Yet, just seven months later, home pricing hit the bottom in San Diego (see graph above).
We are enduring a once-in-a-lifetime spike in mortgage rates that are rightfully taking some time to digest. But people need to move, and by next spring, many will be buying and selling homes around here.
The Fed will have slowed down by then, the political landscape looks like it will drift more towards the center, and realtors are figuring it out that you have to have a spectacular-looking home with an attractive price to have a chance at selling. All will play a role in giving home buyers more confidence.
My listing from two weeks ago that generated 18 offers – 17 of them financed – and got bid up by 27% over the list price is proof that, in spite of the common perception that the market is dead, there is a strong demand right under the surface, just waiting for the right house, at the right price.
Those who were reading this blog in the 2008-2013 will remember how negative we were about the market, and how long it would take before it bottomed out – most figured it would be years and years. True, we aren’t going to get the government stimulus this time, but I don’t think we need it.
There will be a lot of skepticism in the market – and most people will wait until others go first before they think of entering the market themselves. We probably won’t ever see the sizzling frenzy conditions again, but a healthy semi-surge for a couple of months next spring seems like a good possibility. If it happens, it will be because sellers and agents got smart about selling in the post-frenzy era.
In California, about 70% of the outstanding mortgages have a mortgage rate below 4%, which means it’s unlikely that many of those homeowners will move if they have to qualify for and accept a much-higher rate. Plus, about 30% of local homeowners don’t have a mortgage.
Who is left? Anyone?
Home Buyers Who Will Keep Looking:
Parents buying with/for kids.
But with an all-time low inventory of homes for sale expected in 2023, we won’t need the same demand as we’ve had in the past. Let’s look at the annual sales counts.
San Diego County Annual Sales of Detached-Homes
2022: 16,086 through three quarters.
The impact from higher rates kicked in during the second half of this year. Up until then, the frenzy carried buyers to the finish line even though they were getting rates in the 4s and 5s. Once rates went over 6% in June, the sales started declining, and it looks like there will be approximately 7,500 sales in second half of 2022. Add to the 10,469 sales from the first half, and the total annual sales will be around 17,969 this year.
Higher rates will probably persist, and the annual sales next year will likely be under 17,000 in San Diego County – an area of 3.3 million people.
The number of listings in 2022 is running about 11% lower than last year, and if there is another 11% decline next year (likely), it will leave us with roughly 22,654 homes for sale in 2023. If only 60% of those actually sell, then sales would be 13,592 for the county, which will be roughly 24% fewer than in 2022, and 45% fewer than in 2021.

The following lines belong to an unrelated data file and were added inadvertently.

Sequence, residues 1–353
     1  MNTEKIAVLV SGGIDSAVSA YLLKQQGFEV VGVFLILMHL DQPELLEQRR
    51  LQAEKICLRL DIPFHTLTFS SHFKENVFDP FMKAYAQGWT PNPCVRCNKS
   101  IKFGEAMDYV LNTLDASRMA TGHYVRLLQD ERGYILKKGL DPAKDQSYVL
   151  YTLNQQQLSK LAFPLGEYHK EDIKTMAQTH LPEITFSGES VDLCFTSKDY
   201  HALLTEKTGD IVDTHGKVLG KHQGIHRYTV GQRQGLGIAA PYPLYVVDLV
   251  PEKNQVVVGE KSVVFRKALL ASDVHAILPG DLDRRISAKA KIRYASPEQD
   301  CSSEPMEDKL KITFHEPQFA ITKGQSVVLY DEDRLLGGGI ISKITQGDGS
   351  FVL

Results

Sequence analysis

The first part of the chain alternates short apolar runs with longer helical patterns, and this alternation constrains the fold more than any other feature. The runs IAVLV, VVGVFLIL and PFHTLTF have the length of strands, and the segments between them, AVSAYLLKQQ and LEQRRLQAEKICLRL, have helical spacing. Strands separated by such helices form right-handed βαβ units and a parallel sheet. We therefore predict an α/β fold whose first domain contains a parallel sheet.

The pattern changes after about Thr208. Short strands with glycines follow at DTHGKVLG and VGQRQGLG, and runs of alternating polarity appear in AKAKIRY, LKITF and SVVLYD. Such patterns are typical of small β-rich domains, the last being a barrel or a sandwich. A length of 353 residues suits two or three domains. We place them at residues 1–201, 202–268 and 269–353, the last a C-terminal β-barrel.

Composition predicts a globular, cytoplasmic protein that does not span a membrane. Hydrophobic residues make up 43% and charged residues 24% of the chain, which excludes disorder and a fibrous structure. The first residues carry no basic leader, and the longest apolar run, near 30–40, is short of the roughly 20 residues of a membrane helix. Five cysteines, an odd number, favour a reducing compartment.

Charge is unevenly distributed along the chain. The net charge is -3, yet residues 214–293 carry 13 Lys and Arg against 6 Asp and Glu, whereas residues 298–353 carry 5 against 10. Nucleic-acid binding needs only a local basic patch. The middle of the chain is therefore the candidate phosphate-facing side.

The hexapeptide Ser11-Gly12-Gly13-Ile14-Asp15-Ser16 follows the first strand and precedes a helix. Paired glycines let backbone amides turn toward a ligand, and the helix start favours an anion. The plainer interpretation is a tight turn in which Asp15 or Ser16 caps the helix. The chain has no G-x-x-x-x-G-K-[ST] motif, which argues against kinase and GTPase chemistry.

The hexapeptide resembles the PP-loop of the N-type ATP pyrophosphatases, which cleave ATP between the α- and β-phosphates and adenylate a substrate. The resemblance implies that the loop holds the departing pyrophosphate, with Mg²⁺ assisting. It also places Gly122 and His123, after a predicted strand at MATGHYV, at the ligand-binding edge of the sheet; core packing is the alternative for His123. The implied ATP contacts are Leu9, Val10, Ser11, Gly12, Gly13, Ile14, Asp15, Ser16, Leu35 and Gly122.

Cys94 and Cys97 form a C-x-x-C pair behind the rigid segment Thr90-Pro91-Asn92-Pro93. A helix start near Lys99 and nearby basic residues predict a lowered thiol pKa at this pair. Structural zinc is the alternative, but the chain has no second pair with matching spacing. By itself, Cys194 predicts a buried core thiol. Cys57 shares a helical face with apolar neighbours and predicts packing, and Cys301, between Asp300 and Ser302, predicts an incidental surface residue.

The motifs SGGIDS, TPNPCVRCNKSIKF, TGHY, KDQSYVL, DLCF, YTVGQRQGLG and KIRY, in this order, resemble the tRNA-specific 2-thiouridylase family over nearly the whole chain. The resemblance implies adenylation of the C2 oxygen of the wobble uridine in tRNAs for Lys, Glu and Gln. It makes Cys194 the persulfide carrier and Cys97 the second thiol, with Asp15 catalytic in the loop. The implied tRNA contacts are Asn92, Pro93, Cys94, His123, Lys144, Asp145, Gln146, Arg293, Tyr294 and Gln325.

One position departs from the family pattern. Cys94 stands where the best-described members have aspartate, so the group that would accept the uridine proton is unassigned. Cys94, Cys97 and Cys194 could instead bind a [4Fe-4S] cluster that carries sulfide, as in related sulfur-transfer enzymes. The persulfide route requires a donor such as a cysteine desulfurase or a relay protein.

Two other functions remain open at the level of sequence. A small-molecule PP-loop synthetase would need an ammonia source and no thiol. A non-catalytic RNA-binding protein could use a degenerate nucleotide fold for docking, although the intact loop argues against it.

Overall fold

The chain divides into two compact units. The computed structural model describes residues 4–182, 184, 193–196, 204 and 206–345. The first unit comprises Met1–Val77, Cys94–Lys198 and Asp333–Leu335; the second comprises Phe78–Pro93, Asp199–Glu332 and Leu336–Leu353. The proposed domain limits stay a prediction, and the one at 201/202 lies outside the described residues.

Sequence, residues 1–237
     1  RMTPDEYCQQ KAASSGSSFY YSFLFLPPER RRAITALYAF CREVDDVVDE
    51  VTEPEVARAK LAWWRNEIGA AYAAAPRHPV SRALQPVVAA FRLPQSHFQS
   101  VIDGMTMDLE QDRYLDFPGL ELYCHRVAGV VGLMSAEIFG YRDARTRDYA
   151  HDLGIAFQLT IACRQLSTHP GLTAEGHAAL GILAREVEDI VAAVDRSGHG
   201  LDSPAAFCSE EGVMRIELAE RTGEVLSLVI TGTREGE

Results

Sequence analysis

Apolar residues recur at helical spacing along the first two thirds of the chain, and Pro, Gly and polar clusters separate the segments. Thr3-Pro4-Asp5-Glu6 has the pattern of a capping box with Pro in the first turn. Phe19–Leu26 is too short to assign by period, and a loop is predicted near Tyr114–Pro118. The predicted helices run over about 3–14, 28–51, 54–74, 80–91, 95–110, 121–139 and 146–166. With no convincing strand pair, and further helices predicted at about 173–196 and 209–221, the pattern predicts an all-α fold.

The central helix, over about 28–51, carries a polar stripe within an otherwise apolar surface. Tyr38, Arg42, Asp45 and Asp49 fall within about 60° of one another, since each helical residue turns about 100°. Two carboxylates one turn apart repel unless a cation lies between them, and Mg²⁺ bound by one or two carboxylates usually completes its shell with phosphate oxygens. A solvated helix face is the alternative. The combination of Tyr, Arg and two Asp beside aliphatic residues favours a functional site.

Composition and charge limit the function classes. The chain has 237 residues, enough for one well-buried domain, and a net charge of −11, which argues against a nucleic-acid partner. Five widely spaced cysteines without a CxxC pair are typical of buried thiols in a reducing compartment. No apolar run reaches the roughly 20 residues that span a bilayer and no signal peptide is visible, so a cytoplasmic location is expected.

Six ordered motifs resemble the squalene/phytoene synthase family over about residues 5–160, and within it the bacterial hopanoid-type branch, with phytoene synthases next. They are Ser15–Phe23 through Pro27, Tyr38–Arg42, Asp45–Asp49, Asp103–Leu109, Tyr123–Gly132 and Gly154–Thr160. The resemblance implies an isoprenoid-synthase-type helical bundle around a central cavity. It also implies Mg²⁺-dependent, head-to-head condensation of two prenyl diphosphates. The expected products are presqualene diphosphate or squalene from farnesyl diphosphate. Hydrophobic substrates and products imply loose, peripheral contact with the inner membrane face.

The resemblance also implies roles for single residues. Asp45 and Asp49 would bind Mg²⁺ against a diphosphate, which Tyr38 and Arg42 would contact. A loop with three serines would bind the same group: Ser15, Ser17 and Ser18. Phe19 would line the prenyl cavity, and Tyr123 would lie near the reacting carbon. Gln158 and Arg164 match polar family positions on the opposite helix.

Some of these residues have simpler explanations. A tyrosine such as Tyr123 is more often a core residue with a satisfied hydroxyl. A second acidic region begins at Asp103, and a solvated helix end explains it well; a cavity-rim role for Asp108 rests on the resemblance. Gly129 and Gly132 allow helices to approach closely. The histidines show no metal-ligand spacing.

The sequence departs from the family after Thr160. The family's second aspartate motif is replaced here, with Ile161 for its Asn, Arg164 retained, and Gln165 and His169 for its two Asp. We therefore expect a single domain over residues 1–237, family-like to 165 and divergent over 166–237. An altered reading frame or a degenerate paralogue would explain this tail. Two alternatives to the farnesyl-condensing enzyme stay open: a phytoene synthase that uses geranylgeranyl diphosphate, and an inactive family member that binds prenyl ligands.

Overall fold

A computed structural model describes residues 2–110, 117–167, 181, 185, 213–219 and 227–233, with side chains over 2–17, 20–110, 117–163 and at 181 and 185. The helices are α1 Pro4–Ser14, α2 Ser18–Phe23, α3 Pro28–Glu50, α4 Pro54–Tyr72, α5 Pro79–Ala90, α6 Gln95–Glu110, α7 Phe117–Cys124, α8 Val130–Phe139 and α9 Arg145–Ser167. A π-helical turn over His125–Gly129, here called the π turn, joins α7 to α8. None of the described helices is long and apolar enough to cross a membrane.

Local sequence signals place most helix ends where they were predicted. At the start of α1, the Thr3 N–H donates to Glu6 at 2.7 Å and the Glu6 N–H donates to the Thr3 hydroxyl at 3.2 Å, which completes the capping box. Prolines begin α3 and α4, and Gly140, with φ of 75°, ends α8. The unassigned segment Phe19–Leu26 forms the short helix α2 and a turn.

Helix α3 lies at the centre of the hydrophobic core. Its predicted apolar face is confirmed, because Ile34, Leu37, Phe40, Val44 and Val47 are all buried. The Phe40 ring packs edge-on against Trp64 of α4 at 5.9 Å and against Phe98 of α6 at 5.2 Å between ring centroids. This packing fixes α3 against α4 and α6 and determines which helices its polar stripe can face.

The only thing that could change the outcome is if we have the Big Capitulation, where both sellers and buyers give enough to make more sales happen.
I tell potential home buyers to keep looking because you never know when you will find the right house – which is the most important part of the equation. Most will convince themselves that it will be easier to find the right house if prices came down, and besides, the current crop isn’t that interesting.
To keep it simple, let’s just calculate how mortgage rates have changed the equation:
Purchase Price: $2,000,000
Loan Amount: $1,600,000
30-yr jumbo rate: 3%
Monthly pmt: $6,746
Buyers who expect the sellers to make up the entire difference with a lower sales price will have to wait until they can find a home that meets this description:
Purchase Price: $1,400,000
Loan Amount: $1,120,000
30-yr jumbo rate: 6%
Monthly pmt: $6,715
If home prices come down 30%, it will enable buyers to buy the same house for the same monthly payment – and with a $120,000 smaller down payment too. If it happened over the next five years, it means we only need to drop about 6% per year, and we’ve already dropped more than that in 2022.
Or let’s say you want to roll back to pre-pandemic pricing.
NSDCC homes that sold in February, 2020 closed at a median of $509/sf, and last month the median was $793/sf which means we’d need a 36% decline to get back to pre-pandemic pricing.
How are you going to play it?
Are you going to wait until you actually see homes selling for 30% to 36% off to get back into the game?
Are are you going to wait until rates come back to 3%?
Or do we acknowledge that the buyers who have more horsepower are going to jump back in sooner, and there’s not much chance of prices dropping the full 30% to 36%? The highly-motivated affluent folks will probably be satisfied with 20% off, and they will derail a full decline. It’s what happened in 2012.
Can you live with 20% off?
Because if you can, then you need to stay in the game.
If the #1 variable is buying the right house, then #2 is timing.
I think the affluent will be looking next spring, and if they find a suitable house, they are going to buy it. By then, some of the statistical pricing gauges will be showing 10% to 20% declines, either nationally or in isolated markets. Because the local pricing isn’t that nuanced and buyers just want a house, they will decide that’s close enough and go ahead with the purchase.
To support my suspicion, I’ll note that during the frenzy, it was the same mentality, just in reverse.
When people found the right house, they just paid whatever it took – even if it meant paying $500,000 to $1,000,000 over the list price! Nothing else mattered besides getting the right house.
Most buyers won’t believe their eyes, and the volume will be thin. But sellers will appreciate any momentum and be encouraged to price their home for about what they thought they could get, with not much discount. Buyers who want discounts will be relegated to scouring through the dent-and-scratch bin, or hope that moving during the off-season might be more fruitful. Great for them.
In 2013, fresh off the biggest housing downturn in their lifetimes, 73 housing industry executives compiled the Top 10 Signs of a Housing Market Bubble at our Summit Conference in Laguna Beach, CA. Assessing the criteria that we set almost a decade ago (10 quantitative and 10 qualitative), we have found that 16 of the 20 housing bubble signs are now flashing red.
In last month’s client-exclusive housing outlook webinar, we called out some signs we are seeing:
We talk a lot about homeowners being rate-locked into their homes as rates have increased. It's true that 93% of outstanding mortgages were locked in below 6% as of Q2 2022. But 42% of owned homes have no mortgage associated with them, making them immune from the lock-in effect.